Denon AVR-689 7.1 A/V Receiver



Setup and Calibration

I unpacked the solid 25 pound AVR-689 receiver and took a quick visual inventory of the unit before sliding it into my rack.  This receiver is traditional Denon.  It features a black metal finish, solid construction, a nice blue electroluminescent display, control knobs for both volume and source select, and a few buttons for simple access to the major features and configuration menus.  There is one source input hidden behind a removable tab on the front that features a set of composite video inputs, an S-Video input, and the setup microphone input.  Moving to the rear, I found the usual compliment of speaker terminals and input/output connections.

One thing about an entry-level receiver is that there are fewer inputs on the back, and thus, less clutter.  It was refreshing to see a layout in which the speaker terminals occupied one side (the right), while the audio and video inputs occupied the other (left).  This made for very easy connections without having to worry about crossing speaker and A/V cables.  I was also pleasantly surprised to see three HDMI inputs rather than two as indicated on the A/V Receivers page on Denon’s website (however the actual product page for the receiver does correctly indicate that there are three inputs and one output).   As I have five components that can use HDMI, I had to choose which three made the cut, and the honors went to the Playstation 3, the DirecTV HR21, and the Xbox 360.  I connected the HDMI monitor out, and then connected my Apple Airport Express to the CD input in order to send my music wirelessly to the system.  As for the speakers, the receiver can handle models down to 6 ohms, and does include a protection circuit to cut the power should the system overheat.  I plugged in my speakers using standard banana plugs and was ready to get started.

Once I got everything connected, I fired the receiver up and began configuring my inputs.  You have the ability to assign your HDMI ports to three of four choices: DVD, TV, VCR (if you have a VCR with HDMI out, more power to you!), and Video Aux (which also is the front analog input assignment).  There are then two each of coaxial and optical digital inputs, three component inputs, and five S-Video and composite connections.  All told, five of the nine sources are video-capable in some way, and the remaining four – Sirius, Aux, CD, and CD-R/Tape are audio only.

You can use the remote to run through configuration, but since there is no on-screen display, I chose to use the front panel controls to set everything up.  You press a button to enter the setup menus, and then use a control knob to navigate and select.  By turning the knob, you move through options, and a simple press of the knob makes a selection.  I really liked this control scheme.  The only caveat here is that if you leave one of the inputs assigned to the wrong label for too long, it will automatically bump that label out if it was assigned to a different input.  For example, when I selected HDMI 1 to be assigned to TV, I left it on DVD for too long while scrolling through the choices, and thus, DVD was knocked out of being the HDMI 2 input.  This is mostly a nitpick, but it did throw me for a loop the first time I tried to use the Playstation 3 (which was my DVD input).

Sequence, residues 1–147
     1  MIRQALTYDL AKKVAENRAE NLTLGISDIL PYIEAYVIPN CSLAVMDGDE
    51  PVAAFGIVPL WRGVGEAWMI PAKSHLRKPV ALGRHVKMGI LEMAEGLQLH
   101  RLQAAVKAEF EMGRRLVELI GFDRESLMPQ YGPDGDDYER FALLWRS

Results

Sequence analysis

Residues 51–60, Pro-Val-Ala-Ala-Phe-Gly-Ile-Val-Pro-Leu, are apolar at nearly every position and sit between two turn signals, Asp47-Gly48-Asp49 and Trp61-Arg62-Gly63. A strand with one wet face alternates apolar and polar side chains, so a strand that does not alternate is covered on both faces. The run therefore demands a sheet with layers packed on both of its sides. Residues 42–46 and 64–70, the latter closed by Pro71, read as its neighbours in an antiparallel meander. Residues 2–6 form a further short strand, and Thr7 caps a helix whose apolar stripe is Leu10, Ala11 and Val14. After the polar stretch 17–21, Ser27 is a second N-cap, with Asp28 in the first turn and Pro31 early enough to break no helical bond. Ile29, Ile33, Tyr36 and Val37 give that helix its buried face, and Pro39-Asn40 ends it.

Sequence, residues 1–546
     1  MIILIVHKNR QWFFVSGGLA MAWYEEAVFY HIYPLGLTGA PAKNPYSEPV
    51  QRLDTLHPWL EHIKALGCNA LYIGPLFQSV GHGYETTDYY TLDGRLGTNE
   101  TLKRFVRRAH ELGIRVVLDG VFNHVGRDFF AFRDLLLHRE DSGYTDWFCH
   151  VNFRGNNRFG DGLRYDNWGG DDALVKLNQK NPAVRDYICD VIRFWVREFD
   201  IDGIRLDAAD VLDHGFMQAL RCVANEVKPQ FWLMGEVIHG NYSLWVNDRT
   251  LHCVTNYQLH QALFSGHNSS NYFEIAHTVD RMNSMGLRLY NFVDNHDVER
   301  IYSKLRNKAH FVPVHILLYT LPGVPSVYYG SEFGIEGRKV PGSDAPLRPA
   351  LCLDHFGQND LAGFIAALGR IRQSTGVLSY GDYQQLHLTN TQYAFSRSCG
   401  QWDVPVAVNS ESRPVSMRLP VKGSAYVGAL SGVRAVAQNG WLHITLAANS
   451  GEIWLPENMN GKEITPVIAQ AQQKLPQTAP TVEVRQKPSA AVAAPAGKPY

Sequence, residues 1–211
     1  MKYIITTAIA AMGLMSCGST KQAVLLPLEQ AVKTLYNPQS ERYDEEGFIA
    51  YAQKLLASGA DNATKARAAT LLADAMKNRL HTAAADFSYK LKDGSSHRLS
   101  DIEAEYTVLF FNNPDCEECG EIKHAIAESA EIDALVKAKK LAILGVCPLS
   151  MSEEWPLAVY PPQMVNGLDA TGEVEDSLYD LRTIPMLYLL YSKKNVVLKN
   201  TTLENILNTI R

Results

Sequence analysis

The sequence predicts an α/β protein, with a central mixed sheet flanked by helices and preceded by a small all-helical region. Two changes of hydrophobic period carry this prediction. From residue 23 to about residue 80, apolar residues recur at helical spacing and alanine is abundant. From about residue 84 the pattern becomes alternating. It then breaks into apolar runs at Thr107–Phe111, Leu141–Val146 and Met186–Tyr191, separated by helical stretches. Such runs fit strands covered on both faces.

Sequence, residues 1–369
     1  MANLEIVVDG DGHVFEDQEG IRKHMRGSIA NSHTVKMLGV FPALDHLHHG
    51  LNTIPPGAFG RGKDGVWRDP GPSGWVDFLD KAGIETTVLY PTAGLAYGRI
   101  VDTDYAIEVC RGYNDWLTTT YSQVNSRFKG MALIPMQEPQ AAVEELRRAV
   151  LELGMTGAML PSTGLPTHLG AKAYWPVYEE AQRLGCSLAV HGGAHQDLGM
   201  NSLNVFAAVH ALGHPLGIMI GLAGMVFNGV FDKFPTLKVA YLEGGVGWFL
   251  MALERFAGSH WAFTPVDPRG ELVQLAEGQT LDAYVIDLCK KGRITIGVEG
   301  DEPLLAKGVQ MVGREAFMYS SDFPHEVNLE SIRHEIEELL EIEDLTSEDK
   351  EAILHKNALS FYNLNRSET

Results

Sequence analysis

I had all of my sources connected, and saw the picture from the satellite feed, but the volume was really low.  I realized it was coming only from the TV.  A quick consultation with the manual, which is fairly comprehensive, drew me to the major bombshell with this unit.

Directly from the manual:
NOTE: The audio signal input to the HDMI input connector cannot be played on the AVR-689.  Input the audio signal to the digital audio input connector or analog audio input connector”

Stunned, I had to re-read that passage a few times to let it sink in.  There are several reasons why this is a deal-breaker.  First of all, one of the promises of HDMI is to cut down on the cable sprawl behind your component rack by sending both audio and video down a single cable.  By eliminating the ability to use the connector for audio input, Denon has removed a huge part of the usefulness of this connector on the AVR-689.  Of course you can pass through digital video to your display, but it doesn’t support audio except to pass that through to your display as well.  For a receiver that supports HDMI 1.3a, and thus things like xvYCC and Deep Color, it is amazing that audio is neglected completely.  This limitation prevents the receiver from being able to receive multi-channel PCM audio, and thus, the wonderful uncompressed audio tracks on Blu-ray discs in pristine digital quality.  There is a set of multi-channel analog inputs, which does allow for players that have the ability to output via these connectors.  Still, the huge number of Sony Playstation 3 owners who use them as Blu-ray players (such as myself) are left out in the cold as there is no way to move those high resolution audio tracks to the AVR-689.  Furthermore, for those with Blu-ray players that do have analog multi-channel outputs, there had better be some bass management features in the player (or your speakers had better be full range all around) because the inputs on the AVR-689 are pass-through only; there is no processing, and thus, no bass management.

To re-iterate, the HDMI inputs pass through the video and audio only. They do not provide any audio decoding in the receiver.